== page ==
Plot is the least interesting aspect of Moore’s stories. Ask the question that always gets asked by parents, by friends, by your teachers when you tell them you have been reading or writing: ‘what is it about?’ That isn’t the point. ‘How to Talk to Your Mother (Notes)’ is about a woman witnessing the debilitation of her aging mother, while watching other women become mothers, and never (though very much by choice) becoming a mother herself. ‘How to be an Other Woman’ and ‘How to Become a Writer’ are about… well, a woman becoming the other woman, and a woman who doesn’t, as far as you know, become a writer.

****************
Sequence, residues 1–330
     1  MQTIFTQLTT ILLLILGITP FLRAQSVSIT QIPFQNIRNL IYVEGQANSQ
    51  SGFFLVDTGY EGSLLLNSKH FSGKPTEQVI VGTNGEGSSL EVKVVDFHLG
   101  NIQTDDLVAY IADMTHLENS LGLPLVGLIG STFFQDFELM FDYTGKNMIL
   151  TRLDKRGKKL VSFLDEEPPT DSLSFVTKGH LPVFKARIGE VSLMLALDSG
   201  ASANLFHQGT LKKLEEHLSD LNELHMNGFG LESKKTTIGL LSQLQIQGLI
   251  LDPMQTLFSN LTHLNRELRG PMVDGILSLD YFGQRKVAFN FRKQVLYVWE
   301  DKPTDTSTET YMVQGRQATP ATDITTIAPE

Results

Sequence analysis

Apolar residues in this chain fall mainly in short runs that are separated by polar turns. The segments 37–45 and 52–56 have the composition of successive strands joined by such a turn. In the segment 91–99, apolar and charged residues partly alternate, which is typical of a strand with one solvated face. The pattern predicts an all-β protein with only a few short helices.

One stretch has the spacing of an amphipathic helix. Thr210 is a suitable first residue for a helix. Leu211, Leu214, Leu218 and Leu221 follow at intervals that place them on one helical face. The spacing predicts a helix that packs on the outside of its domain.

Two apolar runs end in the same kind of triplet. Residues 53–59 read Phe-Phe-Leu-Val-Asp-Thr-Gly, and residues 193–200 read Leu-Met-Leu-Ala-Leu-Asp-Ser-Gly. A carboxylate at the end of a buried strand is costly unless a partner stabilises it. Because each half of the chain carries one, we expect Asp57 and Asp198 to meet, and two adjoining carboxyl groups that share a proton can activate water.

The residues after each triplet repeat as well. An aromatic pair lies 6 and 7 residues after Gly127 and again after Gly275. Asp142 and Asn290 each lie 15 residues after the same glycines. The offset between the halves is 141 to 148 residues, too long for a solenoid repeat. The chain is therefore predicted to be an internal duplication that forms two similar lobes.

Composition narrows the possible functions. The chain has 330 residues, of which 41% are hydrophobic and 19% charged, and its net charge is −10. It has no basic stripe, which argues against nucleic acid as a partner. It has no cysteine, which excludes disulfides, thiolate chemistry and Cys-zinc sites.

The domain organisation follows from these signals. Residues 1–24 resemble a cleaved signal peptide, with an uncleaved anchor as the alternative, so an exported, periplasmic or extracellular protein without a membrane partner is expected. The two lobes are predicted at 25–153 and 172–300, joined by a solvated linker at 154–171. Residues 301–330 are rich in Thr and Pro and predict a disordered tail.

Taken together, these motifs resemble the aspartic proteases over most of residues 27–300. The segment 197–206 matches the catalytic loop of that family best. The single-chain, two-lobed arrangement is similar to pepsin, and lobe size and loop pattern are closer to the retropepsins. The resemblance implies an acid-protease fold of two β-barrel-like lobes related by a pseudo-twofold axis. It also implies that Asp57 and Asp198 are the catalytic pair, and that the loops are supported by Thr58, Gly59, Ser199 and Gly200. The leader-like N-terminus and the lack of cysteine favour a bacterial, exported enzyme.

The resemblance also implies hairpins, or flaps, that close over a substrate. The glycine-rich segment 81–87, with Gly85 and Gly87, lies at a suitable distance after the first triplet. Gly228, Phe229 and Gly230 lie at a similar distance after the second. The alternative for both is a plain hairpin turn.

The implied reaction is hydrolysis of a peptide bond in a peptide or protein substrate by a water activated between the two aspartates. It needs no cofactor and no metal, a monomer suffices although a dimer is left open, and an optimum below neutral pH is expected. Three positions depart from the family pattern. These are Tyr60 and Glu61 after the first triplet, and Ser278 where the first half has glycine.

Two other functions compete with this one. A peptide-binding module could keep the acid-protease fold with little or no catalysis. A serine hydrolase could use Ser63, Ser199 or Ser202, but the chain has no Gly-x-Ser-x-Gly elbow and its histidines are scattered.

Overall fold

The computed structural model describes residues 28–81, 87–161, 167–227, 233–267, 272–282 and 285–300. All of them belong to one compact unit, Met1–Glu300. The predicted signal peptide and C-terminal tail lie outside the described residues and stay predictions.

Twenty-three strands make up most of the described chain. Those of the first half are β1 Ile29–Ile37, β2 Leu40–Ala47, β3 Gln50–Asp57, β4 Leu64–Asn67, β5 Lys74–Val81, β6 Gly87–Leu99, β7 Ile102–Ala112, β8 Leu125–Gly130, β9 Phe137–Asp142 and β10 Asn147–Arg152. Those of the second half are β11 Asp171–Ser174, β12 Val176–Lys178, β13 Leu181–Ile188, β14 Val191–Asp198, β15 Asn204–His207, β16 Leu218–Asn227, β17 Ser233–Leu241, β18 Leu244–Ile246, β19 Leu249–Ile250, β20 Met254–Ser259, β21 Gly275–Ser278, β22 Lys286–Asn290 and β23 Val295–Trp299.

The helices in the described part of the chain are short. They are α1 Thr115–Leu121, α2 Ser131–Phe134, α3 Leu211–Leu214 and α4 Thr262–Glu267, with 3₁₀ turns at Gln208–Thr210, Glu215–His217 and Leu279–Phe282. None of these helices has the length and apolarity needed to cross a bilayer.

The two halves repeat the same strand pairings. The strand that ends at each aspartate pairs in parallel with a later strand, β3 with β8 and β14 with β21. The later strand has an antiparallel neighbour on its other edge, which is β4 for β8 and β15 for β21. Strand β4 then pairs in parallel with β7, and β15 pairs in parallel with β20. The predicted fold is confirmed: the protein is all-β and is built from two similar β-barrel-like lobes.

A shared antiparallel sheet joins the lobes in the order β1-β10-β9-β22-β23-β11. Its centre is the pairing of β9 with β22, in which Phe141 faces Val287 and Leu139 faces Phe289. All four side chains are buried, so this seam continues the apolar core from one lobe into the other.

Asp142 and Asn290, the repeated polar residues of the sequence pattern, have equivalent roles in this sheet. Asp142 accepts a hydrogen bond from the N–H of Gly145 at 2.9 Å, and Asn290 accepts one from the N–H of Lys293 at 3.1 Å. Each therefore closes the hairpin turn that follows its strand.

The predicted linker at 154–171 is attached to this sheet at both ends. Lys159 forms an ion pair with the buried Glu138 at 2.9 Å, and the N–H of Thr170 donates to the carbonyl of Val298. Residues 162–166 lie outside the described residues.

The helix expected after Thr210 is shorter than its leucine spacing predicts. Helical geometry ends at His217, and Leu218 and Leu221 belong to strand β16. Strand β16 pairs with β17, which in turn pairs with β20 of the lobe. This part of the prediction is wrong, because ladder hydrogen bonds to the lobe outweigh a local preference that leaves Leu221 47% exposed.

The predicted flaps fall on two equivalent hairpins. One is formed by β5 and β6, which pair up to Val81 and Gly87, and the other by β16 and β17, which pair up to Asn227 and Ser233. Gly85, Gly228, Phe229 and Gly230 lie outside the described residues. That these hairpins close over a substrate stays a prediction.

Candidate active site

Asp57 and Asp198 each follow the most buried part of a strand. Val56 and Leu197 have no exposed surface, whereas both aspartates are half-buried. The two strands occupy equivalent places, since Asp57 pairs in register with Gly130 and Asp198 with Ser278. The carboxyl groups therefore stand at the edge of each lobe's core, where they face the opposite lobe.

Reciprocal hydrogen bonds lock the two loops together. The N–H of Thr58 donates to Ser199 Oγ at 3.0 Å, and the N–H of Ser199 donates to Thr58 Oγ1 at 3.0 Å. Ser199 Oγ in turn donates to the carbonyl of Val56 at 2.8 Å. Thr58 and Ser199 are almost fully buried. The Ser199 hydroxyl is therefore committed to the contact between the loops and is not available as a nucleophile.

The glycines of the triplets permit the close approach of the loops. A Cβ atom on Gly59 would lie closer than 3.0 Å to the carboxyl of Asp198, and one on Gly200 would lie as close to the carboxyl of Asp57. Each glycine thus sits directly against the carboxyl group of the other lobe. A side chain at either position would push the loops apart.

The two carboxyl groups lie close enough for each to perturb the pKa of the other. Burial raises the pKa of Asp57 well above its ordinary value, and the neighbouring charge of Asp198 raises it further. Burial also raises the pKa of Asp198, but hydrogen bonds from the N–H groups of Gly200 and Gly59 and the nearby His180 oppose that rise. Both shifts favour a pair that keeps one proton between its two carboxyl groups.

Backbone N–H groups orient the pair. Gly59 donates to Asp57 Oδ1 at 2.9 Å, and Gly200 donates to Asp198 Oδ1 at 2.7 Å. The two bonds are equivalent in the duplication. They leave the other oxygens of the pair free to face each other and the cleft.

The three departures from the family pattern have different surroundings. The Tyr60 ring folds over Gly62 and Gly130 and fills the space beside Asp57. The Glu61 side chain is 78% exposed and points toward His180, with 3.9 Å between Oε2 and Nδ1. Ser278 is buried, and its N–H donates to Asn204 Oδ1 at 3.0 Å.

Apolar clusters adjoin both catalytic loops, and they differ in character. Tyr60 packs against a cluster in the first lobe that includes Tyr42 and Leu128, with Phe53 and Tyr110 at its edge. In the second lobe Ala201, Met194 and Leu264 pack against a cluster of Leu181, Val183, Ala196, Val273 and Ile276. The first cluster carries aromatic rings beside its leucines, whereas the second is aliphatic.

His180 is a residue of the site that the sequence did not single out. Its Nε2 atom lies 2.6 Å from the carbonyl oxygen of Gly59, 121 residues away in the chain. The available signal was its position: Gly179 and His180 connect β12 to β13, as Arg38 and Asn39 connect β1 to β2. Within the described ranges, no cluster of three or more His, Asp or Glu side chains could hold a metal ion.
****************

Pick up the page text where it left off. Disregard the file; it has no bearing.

The really good stuff is character. And you are the main one. Charlene. Francie. Virginia (Ginny).
Now that you know you are the main character, you can sit back and enjoy the way you are able to manipulate words. You stretch language as though you are using it like balloons to fashion tri-coloured daisies and sweet, boggle-eyed puppies.
When you were six you thought mistress meant to put your shoes on the wrong feet.
The next time he phones he says: “I was having a dream about you and suddenly I woke up with a jerk…”
Say: “Yeah, I hate to wake up with jerks.”
You now feel as though you have been the other woman. You feel as though you could be a childless woman who can watch her mother succumb to dementia. You’re equipped to become a (potentially unsuccessful) writer. You also know that you will never write from the second-person point of view. It’s irritating. It’s tricksy. It’s contrived. The hatred is becoming pathological. You vow to get yourself some help.